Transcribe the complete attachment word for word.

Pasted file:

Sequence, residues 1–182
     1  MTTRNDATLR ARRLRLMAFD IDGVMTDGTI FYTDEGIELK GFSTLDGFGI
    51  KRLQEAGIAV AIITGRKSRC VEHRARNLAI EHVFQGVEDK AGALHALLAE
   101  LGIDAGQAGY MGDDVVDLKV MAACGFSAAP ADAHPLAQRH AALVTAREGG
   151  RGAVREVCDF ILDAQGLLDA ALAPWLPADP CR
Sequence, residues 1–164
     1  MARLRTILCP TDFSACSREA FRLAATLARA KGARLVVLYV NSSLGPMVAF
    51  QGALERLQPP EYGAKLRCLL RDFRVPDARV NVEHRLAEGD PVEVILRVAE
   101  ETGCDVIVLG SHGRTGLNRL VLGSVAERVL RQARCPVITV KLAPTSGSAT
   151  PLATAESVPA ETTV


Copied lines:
Sequence, residues 1–182
     1  MTTRNDATLR ARRLRLMAFD IDGVMTDGTI FYTDEGIELK GFSTLDGFGI
    51  KRLQEAGIAV AIITGRKSRC VEHRARNLAI EHVFQGVEDK AGALHALLAE
   101  LGIDAGQAGY MGDDVVDLKV MAACGFSAAP ADAHPLAQRH AALVTAREGG
   151  RGAVREVCDF ILDAQGLLDA ALAPWLPADP CR
Sequence, residues 1–164
     1  MARLRTILCP TDFSACSREA FRLAATLARA KGARLVVLYV NSSLGPMVAF
    51  QGALERLQPP EYGAKLRCLL RDFRVPDARV NVEHRLAEGD PVEVILRVAE
   101  ETGCDVIVLG SHGRTGLNRL VLGSVAERVL RQARCPVITV KLAPTSGSAT
   151  PLATAESVPA ETTV